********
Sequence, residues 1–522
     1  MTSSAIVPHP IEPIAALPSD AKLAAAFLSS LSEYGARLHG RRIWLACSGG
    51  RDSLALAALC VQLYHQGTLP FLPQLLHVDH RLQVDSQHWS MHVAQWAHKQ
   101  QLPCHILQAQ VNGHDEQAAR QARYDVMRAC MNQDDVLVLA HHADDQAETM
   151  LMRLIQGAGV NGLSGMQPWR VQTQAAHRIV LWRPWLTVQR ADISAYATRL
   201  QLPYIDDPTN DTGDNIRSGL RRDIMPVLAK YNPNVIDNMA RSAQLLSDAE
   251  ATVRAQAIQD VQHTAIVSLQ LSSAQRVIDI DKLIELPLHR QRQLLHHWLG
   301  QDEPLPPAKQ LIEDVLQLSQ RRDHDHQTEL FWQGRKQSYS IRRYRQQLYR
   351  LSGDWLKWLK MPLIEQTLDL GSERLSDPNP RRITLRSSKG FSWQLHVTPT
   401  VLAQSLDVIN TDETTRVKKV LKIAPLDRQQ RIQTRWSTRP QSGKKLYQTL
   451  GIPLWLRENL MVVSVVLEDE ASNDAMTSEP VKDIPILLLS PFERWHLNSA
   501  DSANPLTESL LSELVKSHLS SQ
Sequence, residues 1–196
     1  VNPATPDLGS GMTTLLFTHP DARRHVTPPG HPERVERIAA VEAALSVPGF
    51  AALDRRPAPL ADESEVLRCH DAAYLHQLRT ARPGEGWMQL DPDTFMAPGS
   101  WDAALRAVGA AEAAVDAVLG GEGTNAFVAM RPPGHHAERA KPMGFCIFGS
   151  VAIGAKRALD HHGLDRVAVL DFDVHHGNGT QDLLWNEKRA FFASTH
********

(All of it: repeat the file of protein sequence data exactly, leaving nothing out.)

Sequence, residues 1–522
     1  MTSSAIVPHP IEPIAALPSD AKLAAAFLSS LSEYGARLHG RRIWLACSGG
    51  RDSLALAALC VQLYHQGTLP FLPQLLHVDH RLQVDSQHWS MHVAQWAHKQ
   101  QLPCHILQAQ VNGHDEQAAR QARYDVMRAC MNQDDVLVLA HHADDQAETM
   151  LMRLIQGAGV NGLSGMQPWR VQTQAAHRIV LWRPWLTVQR ADISAYATRL
   201  QLPYIDDPTN DTGDNIRSGL RRDIMPVLAK YNPNVIDNMA RSAQLLSDAE
   251  ATVRAQAIQD VQHTAIVSLQ LSSAQRVIDI DKLIELPLHR QRQLLHHWLG
   301  QDEPLPPAKQ LIEDVLQLSQ RRDHDHQTEL FWQGRKQSYS IRRYRQQLYR
   351  LSGDWLKWLK MPLIEQTLDL GSERLSDPNP RRITLRSSKG FSWQLHVTPT
   401  VLAQSLDVIN TDETTRVKKV LKIAPLDRQQ RIQTRWSTRP QSGKKLYQTL
   451  GIPLWLRENL MVVSVVLEDE ASNDAMTSEP VKDIPILLLS PFERWHLNSA
   501  DSANPLTESL LSELVKSHLS SQ
Sequence, residues 1–196
     1  VNPATPDLGS GMTTLLFTHP DARRHVTPPG HPERVERIAA VEAALSVPGF
    51  AALDRRPAPL ADESEVLRCH DAAYLHQLRT ARPGEGWMQL DPDTFMAPGS
   101  WDAALRAVGA AEAAVDAVLG GEGTNAFVAM RPPGHHAERA KPMGFCIFGS
   151  VAIGAKRALD HHGLDRVAVL DFDVHHGNGT QDLLWNEKRA FFASTH